> a plausible explanation for these results other than a nuclear process.


    Why is anyone expected to come up with an explanation for an undocumented experiment?


    > If you think that 37.5 liters of water can evaporate from a bucket ina room in

    > 10 days, you have no knowledge of everyday grade-school level science.


    And if you can suggest that 37.5 litres of water were really evaporated

    AND THIS DIDN'T SHAKE the foundations of their sponsors, then perhaps

    you are missing something important in what you are saying. You said

    that this experiment wasn't repeated. This is like the Wright brothers

    taking wing for a 15 minute flight over the White House and then packing

    it all up and never flying again. A preposterous statement. My

    suggestion is that they HAD an explanation for evaporation of all that

    water and it had nothing to do with cold fusion.


    > > And the weather during that time period was?

    >

    > You could look it up, couldn't you?


    Jed, you are the one suggesting extraordinary science. You are the one

    that has to field the questions. Not me.




    Dieter Britz wrote on 9/11/01 (quoting Jed):


    Jed Rothwell wrote:

    [...]


    > At one level, I know exactly what happened. The cell stayed hot for 10 days

    > and evaporated 37.4 liters of water. No other information is needed to


    Spurious accuracy, methinks. Reading the book, one does not get the

    idea that they measured the evaporated water volume with any kind of

    accuracy - they slopped it in as needed, and initially they didn't

    expect a lot to evaporate anyway (it came as a surprise, remember?),

    so they would not have started keeping track carefully. Or will you

    state, Rothwell, that they did in fact keep account of the water to

    that sort of precision, and do you think Mizuno would back you up if

    I asked him? Where in fact does that figure of 37.5 L come from? It

    is not in the book, and neither are the figures 20 and 17.5, which you

    have added to produce that sum. I don't believe they would have stated

    17.5, implying a precision of 0.1 L. Explain, please.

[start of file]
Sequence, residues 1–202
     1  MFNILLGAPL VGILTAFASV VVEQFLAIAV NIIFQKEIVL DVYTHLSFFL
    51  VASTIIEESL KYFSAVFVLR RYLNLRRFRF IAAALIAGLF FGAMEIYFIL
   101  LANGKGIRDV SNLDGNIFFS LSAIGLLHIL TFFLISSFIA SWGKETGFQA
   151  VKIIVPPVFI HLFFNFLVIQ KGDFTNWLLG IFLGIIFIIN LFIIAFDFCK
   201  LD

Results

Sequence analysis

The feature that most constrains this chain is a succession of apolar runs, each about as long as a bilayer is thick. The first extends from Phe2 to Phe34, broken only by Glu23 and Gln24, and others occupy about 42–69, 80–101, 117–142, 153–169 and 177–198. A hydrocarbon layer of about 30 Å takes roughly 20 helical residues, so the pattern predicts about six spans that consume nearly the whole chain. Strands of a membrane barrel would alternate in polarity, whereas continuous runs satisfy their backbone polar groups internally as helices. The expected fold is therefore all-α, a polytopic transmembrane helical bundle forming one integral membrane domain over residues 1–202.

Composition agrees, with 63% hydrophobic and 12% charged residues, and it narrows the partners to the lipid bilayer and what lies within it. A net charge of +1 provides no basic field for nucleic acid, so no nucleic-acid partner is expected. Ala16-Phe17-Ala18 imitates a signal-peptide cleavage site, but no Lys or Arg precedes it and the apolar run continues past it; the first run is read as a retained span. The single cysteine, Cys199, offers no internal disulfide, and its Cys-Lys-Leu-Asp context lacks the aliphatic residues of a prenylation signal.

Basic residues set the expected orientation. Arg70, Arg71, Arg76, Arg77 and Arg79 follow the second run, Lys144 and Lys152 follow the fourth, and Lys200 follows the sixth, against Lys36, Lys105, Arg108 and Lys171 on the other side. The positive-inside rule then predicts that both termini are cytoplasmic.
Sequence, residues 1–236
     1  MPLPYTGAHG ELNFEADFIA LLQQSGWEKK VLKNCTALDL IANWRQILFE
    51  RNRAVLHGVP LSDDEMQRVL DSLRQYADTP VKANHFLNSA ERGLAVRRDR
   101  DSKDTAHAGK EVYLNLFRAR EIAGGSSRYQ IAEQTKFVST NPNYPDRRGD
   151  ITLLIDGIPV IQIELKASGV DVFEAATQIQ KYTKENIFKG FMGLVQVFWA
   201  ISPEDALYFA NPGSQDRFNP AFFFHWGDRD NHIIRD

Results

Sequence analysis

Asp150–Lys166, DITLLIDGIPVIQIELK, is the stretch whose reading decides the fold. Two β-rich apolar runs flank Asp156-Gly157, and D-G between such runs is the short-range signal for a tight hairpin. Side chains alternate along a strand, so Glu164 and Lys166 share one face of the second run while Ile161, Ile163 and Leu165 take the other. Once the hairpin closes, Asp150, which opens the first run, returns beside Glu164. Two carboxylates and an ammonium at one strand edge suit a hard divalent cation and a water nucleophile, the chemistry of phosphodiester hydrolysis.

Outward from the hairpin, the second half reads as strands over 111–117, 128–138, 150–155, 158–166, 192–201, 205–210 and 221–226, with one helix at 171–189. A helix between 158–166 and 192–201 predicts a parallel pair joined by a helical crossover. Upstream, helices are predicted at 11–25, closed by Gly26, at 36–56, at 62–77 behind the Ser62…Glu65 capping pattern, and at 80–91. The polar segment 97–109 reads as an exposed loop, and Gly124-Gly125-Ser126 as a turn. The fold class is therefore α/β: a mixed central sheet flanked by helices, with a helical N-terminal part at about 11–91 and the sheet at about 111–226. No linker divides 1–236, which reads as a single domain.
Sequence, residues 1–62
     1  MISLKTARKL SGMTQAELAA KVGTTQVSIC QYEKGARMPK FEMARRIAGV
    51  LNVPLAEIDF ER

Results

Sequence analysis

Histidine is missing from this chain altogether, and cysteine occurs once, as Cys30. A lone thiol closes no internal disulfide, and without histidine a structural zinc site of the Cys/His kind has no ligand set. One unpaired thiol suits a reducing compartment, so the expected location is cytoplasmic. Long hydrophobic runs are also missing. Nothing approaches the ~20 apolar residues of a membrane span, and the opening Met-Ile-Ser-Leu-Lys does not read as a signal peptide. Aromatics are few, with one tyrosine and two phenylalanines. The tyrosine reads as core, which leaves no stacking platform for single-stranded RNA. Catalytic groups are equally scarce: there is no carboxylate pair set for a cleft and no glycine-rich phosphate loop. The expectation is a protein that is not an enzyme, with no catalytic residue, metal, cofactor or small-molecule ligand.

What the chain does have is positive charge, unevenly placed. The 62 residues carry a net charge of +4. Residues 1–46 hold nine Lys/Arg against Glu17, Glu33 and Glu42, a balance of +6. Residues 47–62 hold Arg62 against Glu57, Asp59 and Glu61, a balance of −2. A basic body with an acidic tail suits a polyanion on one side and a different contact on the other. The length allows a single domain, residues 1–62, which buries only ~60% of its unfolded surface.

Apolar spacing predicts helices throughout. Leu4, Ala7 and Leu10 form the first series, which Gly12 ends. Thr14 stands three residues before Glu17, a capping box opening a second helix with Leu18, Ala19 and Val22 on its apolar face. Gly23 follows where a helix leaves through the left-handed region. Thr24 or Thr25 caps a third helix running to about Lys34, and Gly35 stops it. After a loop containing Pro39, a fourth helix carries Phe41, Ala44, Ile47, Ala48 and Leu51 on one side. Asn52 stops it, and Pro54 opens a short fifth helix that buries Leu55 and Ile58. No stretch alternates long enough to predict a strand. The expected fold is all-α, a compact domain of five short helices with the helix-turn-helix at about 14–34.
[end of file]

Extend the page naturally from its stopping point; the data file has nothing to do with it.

> I said it was not repeated on this scale, with this kind of material,

    > because Mizuno et al. feared it might blow someone's head off with a steam

    > explosion. Heat after death experiments have been repeated many times,


    That seems untrue as well, since the book shows that he was

    confident that his cell could hold 200 atm at 500C, and in any case

    had a safety vent set at 100 atm.


    Why are you making all this stuff up? Why not report it as reported

    by Mizuno himself? He impresses me as a scientist, but I am afraid

    you do not.


    -- Dieter Britz http://www.chem.au.dk/~db




    Lynn Kurtz wrote on 9/18/01 (quoting JR):


    On Tue, 18 Sep 2001 17:21:59 -0400, "Jed Rothwell"

    <[email protected]> wrote:

    >Lynn Kurtz writes:


    [snipped by KLS]


    As I said above, I can read. What he actually wrote in your first

    quote above IS NOT what you attributed to him in this latter quote.

    You are attributing to him things he did not say. Standing on your

    head shouting "read the chemistry books" does not change that.


    --Lynn




    Jed Rothwell wrote on 9/10/01:


    [snip by KLS]


    The cell temperature was not constant. Placed in the water, the electrolyte

    temperature fell to 60 deg C within a few days, then rose back to 80, and

    then gradually cooled down. All cathodes in heat-after-death gradually cool

    down. 10 liters evaporated in the first 24 hours. In the last days, 1 or 2

    liters per day were replaced. The steel cell was 20 cm long, OD 7 cm, ID 6

    cm. The inner sleeve was Teflon, 1 cm thick (ID 5 cm).

    - Jed

  • Quoting Dieter Britz:


    Spurious accuracy, methinks. Reading the book, one does not get the idea that they measured the evaporated water volume with any kind of accuracy - they slopped it in as needed, and initially they didn't expect a lot to evaporate anyway (it came as a surprise, remember?), so they would not have started keeping track carefully. Or will you state, Rothwell, that they did in fact keep account of the water to that sort of precision, and do you think Mizuno would back you up if I asked him?